France - Full Moon 36 - 09/25/99
It is difficult to compare Micro:Mega to a certain kind of music. Not especially for me, an ordinary listener, but also for
the records salesmen: now post-rock, and more precisely anti-pop, now new electronica, now techno. In any case, the
specialised press can not help me, because it is extremely unusual to find some information about this band. So, it is
necessary to let us be guided by the sounds of this record, which becomes increasingly interesting with time ...
The band is, in fact, a duo made up by Frédéric Luneau (sample, guitar, voice (?), flute) and Sylvain Chauveau (keyboard,
guitar, voice (?)), who are natives of the south-west of France. Generally speaking, the music of Micro:Mega is essentially
instrumental, with some atmospheric long tracks, on which the samples and the ethnic influences are in perfect
harmony with some more classical tones composed by the keyboards and the stripped guitars. The
melancholy perfectly cohabits with the beauty.
To begin with, this first (I think) album, we are thrown into the 80's, by the bass on Invisible Hand,
surrounded by a more distant organ. Then, we continue with a
crystal-clear guitar close to breaking off (Dune). Soothing to the mind, but shivering comes after, in particular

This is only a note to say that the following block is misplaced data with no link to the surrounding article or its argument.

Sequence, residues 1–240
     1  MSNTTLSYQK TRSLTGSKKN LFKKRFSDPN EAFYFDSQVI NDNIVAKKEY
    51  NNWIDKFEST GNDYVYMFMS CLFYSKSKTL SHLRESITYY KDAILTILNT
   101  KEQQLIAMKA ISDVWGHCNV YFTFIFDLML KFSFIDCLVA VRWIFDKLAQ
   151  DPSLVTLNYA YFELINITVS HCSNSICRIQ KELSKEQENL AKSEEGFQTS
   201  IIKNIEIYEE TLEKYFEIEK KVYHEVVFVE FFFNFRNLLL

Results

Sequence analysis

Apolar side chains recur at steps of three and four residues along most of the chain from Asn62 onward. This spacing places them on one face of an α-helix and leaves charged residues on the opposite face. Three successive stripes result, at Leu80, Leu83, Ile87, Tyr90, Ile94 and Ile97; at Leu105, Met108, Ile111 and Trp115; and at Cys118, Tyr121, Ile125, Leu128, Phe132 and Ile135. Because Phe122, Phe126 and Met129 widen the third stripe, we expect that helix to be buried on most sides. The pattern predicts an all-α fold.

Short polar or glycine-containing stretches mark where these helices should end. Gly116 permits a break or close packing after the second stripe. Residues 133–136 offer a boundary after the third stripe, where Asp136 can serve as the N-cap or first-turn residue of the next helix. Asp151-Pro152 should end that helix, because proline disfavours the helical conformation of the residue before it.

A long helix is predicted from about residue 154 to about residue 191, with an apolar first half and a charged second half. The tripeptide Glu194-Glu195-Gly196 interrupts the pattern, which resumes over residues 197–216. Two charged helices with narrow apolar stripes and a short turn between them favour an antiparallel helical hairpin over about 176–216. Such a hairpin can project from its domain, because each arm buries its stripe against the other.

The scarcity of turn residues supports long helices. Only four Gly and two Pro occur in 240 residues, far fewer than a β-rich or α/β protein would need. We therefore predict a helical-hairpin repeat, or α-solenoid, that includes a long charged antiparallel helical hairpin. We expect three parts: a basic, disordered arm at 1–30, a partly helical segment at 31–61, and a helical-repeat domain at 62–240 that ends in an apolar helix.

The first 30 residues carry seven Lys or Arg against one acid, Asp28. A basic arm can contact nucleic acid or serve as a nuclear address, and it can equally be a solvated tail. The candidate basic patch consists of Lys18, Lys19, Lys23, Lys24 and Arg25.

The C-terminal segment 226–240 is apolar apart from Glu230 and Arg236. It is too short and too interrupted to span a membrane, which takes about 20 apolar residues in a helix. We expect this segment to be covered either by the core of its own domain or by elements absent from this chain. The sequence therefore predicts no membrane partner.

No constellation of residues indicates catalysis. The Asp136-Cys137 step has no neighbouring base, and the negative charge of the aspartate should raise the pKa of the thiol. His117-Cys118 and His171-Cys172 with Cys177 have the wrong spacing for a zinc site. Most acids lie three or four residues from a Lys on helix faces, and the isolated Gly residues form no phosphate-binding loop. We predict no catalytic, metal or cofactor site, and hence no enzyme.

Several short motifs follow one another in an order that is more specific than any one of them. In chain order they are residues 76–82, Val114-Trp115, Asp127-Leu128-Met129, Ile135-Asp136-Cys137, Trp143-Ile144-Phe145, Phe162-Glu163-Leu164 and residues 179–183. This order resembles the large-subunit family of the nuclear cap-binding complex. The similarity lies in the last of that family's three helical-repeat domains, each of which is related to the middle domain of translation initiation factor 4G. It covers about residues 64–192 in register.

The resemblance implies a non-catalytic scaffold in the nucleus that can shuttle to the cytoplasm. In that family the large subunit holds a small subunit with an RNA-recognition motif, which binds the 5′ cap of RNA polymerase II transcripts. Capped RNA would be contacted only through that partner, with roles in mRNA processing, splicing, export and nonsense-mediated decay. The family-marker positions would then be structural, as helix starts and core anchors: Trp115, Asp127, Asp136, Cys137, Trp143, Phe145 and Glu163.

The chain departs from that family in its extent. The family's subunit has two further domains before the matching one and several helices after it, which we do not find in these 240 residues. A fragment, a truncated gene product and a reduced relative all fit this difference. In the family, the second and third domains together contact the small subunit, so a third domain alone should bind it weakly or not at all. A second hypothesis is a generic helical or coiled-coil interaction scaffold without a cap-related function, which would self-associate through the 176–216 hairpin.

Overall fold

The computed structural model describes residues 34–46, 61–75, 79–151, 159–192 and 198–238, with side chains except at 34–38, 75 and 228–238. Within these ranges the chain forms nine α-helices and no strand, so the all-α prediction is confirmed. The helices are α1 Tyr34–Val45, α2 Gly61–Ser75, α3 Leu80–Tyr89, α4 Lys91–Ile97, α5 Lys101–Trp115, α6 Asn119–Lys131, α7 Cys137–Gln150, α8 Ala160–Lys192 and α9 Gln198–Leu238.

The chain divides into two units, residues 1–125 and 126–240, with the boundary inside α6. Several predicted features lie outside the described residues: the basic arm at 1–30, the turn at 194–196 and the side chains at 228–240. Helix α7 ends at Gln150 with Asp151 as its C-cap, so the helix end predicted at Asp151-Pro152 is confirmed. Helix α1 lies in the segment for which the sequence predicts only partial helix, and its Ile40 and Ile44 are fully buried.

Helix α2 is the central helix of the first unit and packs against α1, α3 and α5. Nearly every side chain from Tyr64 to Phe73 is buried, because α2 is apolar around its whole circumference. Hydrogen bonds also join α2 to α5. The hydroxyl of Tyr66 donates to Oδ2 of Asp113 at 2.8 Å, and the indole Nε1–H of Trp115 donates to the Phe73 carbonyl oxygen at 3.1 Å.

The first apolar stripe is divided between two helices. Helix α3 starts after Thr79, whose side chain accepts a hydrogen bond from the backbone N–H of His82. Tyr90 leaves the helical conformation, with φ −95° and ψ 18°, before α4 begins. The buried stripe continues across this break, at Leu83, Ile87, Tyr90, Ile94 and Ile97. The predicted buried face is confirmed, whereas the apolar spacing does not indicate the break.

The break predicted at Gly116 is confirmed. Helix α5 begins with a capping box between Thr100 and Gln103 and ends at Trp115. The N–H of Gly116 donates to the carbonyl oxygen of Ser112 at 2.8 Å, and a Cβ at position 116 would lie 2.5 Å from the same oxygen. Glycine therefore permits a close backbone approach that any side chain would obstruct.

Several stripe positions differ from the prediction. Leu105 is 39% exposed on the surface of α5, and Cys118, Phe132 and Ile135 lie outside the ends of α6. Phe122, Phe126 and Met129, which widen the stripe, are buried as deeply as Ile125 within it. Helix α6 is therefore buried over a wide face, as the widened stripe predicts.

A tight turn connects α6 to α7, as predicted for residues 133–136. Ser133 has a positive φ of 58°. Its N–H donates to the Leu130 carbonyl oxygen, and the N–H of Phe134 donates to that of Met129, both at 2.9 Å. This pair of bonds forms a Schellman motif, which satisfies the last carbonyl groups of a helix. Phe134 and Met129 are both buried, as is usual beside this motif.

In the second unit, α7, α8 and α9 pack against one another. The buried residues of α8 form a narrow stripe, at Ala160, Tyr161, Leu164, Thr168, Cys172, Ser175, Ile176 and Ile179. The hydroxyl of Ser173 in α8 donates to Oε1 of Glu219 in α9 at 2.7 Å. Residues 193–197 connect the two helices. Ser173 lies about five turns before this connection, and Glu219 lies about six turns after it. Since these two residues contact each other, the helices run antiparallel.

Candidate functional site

with A Sea Of Styrofoam and Out Pouring Of The Soul, an invitation to travel into the planet
Micro:Mega, filled by some old analog keyboards, where the mind of Brian Eno prowls, or perhaps the mythical
band Legendary Pink Dots, though without the charisma of the prophet Edward Ka-spel.
The next songs bring us back to the opening bliss, with a feeling of travelling, left free
to imagine and interpret the images that arises when listening to this music: A quiet but suffocating desert? Worrying abysses with
soothing darkness? Nothing but paradoxes ... The last tracks accompany the arrival of the twilight (The Man Who Never
Existed, Rumour & Wall), just disturbed by the loops of violins on Because My Flesh Is Yours.
Finally, this is simple, but not simplistic music, obviously recorded with few means, but the result are 11 tracks
with a sumptuous mix of sounds, reminiscent of the French band Hint, however not as violent. But this
is not the aim of Micro:Mega. Soothing, soothing ...
Copyright © 1999 Patrick Dubail